Mel Gibson Cheated Him To Make|’The Christ,’ Screenwriter Says

     LOS ANGELES (CN) – Screenwriter Benedict Fitzgerald says Mel Gibson played upon “their common Catholic faith” to defraud him of millions of dollars and wrongly demand writing credit for the screenplay of “Passion of the Christ.” Fitzgerald, a professional screenwriter, says Gibson promised that Gibson would not make any money on the film and would distribute any profit to those who worked on it.



     The complaint alleges a classic case of Hollywood accounting. Gibson first said the movie would have a $4 million to $7 million budget, but later claimed to have spent $110 million on it, according to the screenwriter. 
     “When Ben agreed to write the screenplay of The Passion for Mel Gibson,” says the complaint, “he became, unbeknownst to him, ensnarled by a conspiracy of ongoing fraud, including its integral cover-up, perpetrated by Gibson and his associated, channeled through a complex of Gibson company conduits, and employing a series of stratagems, all with the express purpose of depriving Ben of the full fruits of his efforts as the screenwriter of The Passion.”
     Fitzgerald claims that in discussing the project, “Gibson told Ben that, because he was so rich, if the movie was made and distributed, whatever money might be made would be distributed among the people, excluding Gibson, who worked on the picture because he, Gibson, did not need the money. Nor, Gibson states, did he want money on the back of what he considered a personal gift to his faith.”
     Fitzgerald also sues Vicki Christianson, Icon Productions, Icon Distribution, Marquis Films, and Airborne Productions. He says he is an experienced and successful screenwriter, having written the screenplays for, among others, John Huston’s movie of the Flannery O’Connor novel, “Wise Blood,” and TV movies based on Conrad’s “Heart of Darkness,” Capote’s “In Cold Blood,” and Melville’s “Moby Dick.”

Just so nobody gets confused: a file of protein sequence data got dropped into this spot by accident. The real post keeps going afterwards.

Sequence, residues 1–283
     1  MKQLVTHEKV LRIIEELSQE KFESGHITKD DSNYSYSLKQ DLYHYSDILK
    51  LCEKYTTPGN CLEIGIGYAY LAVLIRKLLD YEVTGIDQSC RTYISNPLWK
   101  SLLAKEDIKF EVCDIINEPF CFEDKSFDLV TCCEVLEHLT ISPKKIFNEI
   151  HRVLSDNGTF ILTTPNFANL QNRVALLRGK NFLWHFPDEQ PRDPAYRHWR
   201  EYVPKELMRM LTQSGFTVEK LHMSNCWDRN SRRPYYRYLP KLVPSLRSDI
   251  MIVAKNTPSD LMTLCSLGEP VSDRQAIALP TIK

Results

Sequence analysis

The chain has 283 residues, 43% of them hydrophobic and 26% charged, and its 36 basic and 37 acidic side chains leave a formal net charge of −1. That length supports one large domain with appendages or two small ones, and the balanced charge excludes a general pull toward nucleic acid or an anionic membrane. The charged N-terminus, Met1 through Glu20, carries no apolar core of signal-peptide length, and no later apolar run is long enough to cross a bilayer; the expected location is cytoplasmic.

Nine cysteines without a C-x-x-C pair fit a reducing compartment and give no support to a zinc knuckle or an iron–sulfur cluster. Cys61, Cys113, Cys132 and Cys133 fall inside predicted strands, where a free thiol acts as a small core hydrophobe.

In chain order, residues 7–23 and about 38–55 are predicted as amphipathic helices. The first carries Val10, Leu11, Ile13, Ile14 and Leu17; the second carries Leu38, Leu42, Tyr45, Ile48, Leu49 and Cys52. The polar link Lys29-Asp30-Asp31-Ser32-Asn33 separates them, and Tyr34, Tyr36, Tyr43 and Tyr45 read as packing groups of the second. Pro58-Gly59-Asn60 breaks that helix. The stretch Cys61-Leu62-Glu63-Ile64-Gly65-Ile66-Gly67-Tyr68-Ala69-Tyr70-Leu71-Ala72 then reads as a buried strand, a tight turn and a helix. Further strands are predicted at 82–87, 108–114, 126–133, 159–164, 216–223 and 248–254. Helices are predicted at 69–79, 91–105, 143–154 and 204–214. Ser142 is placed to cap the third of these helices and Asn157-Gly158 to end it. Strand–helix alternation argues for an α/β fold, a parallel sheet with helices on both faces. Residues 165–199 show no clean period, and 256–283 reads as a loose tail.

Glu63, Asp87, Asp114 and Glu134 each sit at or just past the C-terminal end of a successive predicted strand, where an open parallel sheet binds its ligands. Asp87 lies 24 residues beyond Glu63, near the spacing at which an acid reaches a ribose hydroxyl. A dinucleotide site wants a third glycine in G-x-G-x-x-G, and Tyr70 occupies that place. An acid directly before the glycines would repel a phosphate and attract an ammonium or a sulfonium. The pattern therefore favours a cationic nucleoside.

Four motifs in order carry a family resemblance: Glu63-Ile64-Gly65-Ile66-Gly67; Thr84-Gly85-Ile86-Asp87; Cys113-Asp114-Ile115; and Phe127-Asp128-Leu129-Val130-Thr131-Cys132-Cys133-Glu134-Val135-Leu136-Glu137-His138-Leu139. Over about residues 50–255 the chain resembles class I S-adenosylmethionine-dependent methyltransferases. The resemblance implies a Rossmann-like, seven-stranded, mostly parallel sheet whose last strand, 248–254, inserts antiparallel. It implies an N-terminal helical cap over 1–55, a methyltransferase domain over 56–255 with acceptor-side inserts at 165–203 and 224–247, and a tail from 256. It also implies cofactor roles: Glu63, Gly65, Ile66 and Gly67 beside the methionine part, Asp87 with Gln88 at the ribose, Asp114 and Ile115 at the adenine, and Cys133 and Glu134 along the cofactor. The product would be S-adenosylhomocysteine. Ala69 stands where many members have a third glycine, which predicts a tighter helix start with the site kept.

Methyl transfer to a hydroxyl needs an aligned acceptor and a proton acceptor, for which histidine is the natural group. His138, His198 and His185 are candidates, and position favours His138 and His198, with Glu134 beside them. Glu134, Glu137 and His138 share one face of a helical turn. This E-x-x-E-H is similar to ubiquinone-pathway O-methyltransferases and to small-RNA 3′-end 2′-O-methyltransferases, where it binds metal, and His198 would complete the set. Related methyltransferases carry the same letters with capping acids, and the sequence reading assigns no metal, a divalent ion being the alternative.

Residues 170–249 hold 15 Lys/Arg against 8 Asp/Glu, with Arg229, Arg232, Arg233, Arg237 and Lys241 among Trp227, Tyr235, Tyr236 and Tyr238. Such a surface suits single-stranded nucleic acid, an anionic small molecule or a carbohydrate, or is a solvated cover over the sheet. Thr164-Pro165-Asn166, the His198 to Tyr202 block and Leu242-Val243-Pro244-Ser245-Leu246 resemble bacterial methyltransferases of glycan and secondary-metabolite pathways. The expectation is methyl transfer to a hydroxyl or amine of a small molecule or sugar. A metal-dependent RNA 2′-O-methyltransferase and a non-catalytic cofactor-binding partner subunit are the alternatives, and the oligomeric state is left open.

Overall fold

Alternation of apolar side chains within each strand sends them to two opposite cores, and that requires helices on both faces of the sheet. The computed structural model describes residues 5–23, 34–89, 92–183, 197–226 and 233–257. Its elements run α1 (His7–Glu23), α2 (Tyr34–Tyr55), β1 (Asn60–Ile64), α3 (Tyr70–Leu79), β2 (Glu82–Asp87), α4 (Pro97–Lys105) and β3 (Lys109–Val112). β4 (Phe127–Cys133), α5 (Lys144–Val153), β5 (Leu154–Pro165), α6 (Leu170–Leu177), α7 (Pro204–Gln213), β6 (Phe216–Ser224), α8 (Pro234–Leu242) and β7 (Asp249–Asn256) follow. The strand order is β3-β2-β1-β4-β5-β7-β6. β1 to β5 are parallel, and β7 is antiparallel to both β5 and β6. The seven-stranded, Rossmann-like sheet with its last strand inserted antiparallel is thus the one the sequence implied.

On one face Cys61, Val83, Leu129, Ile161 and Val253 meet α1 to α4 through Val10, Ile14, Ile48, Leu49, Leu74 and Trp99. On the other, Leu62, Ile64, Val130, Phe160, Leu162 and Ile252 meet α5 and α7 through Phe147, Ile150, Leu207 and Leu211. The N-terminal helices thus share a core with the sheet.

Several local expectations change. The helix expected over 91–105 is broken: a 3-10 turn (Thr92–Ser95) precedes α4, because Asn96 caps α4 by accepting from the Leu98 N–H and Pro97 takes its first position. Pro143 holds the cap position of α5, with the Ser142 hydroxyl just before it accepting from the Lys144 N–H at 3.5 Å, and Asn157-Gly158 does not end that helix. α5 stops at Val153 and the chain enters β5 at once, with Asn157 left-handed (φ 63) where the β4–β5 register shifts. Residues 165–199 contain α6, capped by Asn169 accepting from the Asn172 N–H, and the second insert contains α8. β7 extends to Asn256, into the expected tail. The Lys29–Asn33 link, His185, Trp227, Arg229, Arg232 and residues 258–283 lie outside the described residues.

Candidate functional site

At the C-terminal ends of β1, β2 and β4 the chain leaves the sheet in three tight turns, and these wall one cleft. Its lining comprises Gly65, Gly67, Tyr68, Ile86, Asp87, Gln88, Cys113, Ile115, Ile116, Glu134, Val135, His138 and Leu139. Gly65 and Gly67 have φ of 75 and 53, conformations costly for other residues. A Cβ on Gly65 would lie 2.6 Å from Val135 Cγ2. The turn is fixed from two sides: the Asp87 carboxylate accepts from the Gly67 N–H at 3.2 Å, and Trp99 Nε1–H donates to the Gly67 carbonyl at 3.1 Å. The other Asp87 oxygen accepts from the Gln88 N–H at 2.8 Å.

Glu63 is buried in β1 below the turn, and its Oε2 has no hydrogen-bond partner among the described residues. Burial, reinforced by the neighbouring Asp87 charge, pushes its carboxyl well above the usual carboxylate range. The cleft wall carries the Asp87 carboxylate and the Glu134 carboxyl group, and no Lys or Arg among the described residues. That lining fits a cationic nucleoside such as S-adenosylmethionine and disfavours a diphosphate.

He claims Gibson told him “The Passion” would be “a small four to seven million dollar film … and accordingly the amount available for a writer’s fee was relatively small. He also stated that Gibson would not take any money from the film.”
     But he says Gibson’s entities and alter egos actually took at least $17 million just “in producer fees and costs of production related payments.”
     He claims that after he sent Gibson the first draft – on Sept. 11, 2001 – and hand-delivered a second draft, “Gibson called Ben and told him he loved the script and that it moved him to tears. Even after Ben had written and Gibson had read the script, Gibson in fact repeated that very same oath, that whatever money might be made would be distributed among the other people who worked on the film.”
     Fitzgerald claims that “because of his deep and personal religious convictions, which he believed to be shared by Gibson, and because of his passion for the project, Ben forewent pursuing other scripts and exclusively devoted the following years of his life to The Passion, without requesting or receiving any additional compensation.”
     He claims he was promised $75,000 if he got sole writing credit – which he says he deserves because he was sole author – and another $75,000 “production bonus” if the film “broke even” financially. But he claims he was duped into letting Gibson share writing credit because he desperately needed the “production bonus.”
     He claims production documents show the film cost $50 million to make, though Gibson’s company Icon Productions, reported costs, including advertising, as $110 million.
     The 21-page filing in Superior Court continues with a long list of Hollywood accounting tricks Fitzgerald says Gibson used to cheat him. Fitzgerald is represented by William Zeltonoga and Richard Ross.

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